And what I like about these Anniversary editions, is when bands add the demos. David Coverdale splices them together and calls them “Evolution” versions. Metallica gives you the warts and all, with mistakes and all that.
And I tracked the evolution of the song.
For the ones that have heard the “Holier Than You – From James’ Riffs Tapes” version on the Remastered Deluxe Box Set, you can hear the drum groove already established via James programming the drum machine.
And James is scatting vocally for the verses, but he had the Chorus hook. Short and sweet. Song writing 101 is to always start with the Chorus hook and work backwards.
The next version of the song is listed as the “August 13th Demo”. This time it’s just James and Lars and you get to hear that machine gun picking from James with Lars making the drumming a bit more tighter and refined.
And James has the vocal melody down, but not the words as he “Obi Wans” and “Yeahs” his way through the song, except for the Chorus. Because the hook is still there.
“No more the crap rolls out your mouth again”
What an opening line. I feel like this is about those TV Evangelists that ended up getting caught with their pants down, doing hookers and cocaine back in the late 80s and early 90s.
But these days, it could be about politicians and lobbyist who seem to push agendas that don’t benefit the people who voted them in, but those same agendas do benefit the corporations who funded their campaigns.
Even celebrities say or type words that get them into trouble. Social Media is the cesspool for this.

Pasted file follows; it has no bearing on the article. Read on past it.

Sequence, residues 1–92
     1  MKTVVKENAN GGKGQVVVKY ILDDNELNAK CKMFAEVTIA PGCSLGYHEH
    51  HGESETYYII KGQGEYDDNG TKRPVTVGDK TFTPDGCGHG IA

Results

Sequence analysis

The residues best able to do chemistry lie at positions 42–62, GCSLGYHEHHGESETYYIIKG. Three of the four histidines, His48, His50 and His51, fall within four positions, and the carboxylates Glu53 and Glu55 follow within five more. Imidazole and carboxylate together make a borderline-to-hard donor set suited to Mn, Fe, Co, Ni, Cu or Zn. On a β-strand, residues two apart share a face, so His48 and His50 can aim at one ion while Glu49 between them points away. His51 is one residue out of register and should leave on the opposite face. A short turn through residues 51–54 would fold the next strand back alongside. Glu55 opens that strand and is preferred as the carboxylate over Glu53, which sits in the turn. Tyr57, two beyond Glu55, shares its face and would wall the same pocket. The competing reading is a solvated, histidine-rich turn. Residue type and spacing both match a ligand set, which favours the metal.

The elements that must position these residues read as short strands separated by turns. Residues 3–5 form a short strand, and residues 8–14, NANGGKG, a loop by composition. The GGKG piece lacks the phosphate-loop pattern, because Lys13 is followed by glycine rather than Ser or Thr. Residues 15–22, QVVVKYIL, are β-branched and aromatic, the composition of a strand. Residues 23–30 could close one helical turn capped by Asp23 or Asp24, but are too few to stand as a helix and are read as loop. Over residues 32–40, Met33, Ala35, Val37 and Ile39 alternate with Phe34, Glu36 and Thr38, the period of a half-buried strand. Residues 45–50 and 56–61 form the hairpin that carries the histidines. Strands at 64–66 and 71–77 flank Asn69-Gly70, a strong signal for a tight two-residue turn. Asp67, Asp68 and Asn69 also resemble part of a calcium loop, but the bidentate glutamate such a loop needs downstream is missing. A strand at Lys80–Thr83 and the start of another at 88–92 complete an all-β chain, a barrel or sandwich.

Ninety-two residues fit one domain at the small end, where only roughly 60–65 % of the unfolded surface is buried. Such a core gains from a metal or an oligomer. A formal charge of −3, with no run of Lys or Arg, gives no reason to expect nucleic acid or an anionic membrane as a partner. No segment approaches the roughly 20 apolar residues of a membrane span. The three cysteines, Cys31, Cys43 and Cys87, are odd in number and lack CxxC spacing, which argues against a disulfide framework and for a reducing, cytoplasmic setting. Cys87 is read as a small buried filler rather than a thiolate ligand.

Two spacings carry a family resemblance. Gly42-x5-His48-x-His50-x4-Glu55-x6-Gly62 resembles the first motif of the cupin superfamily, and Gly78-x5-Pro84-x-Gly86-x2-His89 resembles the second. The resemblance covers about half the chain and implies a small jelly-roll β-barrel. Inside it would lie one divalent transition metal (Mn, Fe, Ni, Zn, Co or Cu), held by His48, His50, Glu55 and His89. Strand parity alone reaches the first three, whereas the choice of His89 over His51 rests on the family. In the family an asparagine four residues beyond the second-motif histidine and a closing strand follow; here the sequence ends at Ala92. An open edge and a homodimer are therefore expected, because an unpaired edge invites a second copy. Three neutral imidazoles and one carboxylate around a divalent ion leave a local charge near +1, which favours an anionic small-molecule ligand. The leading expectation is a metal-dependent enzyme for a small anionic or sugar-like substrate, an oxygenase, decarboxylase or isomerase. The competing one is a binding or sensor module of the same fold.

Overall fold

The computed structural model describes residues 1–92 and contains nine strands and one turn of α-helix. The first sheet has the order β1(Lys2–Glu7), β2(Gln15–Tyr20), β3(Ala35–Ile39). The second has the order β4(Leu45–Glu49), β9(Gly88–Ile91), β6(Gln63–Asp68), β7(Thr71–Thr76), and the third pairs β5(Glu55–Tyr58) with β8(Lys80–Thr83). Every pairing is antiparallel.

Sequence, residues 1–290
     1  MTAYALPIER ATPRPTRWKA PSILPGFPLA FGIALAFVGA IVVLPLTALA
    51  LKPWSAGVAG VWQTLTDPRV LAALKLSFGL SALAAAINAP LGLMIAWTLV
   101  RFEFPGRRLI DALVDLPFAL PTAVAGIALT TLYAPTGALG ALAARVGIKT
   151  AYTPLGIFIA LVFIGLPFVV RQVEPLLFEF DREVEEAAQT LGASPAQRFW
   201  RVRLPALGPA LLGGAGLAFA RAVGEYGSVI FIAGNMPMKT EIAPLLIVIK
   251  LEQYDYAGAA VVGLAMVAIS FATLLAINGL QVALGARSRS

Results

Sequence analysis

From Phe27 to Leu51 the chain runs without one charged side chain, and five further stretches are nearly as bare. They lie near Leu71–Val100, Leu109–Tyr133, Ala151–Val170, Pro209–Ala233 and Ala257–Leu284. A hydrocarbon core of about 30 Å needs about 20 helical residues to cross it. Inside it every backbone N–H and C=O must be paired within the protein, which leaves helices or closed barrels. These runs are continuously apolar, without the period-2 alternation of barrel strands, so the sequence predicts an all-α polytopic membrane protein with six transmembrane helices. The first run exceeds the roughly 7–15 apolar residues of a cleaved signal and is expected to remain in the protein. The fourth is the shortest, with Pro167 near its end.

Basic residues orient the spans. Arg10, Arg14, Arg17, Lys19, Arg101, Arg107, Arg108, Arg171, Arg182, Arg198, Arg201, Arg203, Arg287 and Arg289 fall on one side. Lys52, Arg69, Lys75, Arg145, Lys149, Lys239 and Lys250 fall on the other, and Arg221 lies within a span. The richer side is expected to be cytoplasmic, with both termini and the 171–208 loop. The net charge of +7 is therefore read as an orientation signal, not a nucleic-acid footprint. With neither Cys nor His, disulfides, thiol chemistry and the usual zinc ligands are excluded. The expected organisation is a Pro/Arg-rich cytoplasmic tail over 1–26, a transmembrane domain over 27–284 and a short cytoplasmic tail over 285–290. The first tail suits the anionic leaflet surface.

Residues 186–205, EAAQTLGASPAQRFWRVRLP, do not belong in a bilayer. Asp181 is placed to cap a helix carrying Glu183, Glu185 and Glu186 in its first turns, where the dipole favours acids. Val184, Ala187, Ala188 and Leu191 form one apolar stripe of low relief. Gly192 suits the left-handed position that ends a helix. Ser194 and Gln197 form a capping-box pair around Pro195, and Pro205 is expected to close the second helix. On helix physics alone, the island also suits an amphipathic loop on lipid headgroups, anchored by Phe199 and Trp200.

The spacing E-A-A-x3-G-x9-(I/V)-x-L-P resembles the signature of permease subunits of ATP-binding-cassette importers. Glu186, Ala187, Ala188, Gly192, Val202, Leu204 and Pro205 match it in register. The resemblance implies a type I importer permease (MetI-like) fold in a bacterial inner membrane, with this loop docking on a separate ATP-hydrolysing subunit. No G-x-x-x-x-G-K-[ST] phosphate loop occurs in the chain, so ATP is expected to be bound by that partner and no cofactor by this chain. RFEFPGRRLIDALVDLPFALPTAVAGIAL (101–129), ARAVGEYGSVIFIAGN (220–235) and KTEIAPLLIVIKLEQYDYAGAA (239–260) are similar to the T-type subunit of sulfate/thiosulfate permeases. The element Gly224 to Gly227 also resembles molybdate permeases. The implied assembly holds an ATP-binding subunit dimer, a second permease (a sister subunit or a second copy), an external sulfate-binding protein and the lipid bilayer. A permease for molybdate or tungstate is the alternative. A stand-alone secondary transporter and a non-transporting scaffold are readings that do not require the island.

“You lie so much you believe yourself”
And iconic line and even more important now than ever before when lies are sold as truth and people surround themselves within echo chambers, unable to read critically nor able to analyse the data.
Differing opinions on facts is healthy for society but its unhealthy when opinions are formed without any basis of facts. Then again, if everyone saw everything the same, there would be no hate or division.
That section from 3.13.
It happens after the solo.
It’s just drums and bass. It’s brief but it definitely gets the foot tapping and the head moving. Then the guitars kick in and the song ends. I think at 3.47 it could be the shortest Metallica song. But one of their heaviest and leanest.
A shimmering clean tone guitar sets the song but it’s the vocals from Dave Hodges which makes me a fan.
Yes it’s the same David Hodges who was a studio contributor to Evanescence between 1999–2002 which accumulated in the “Fallen” album.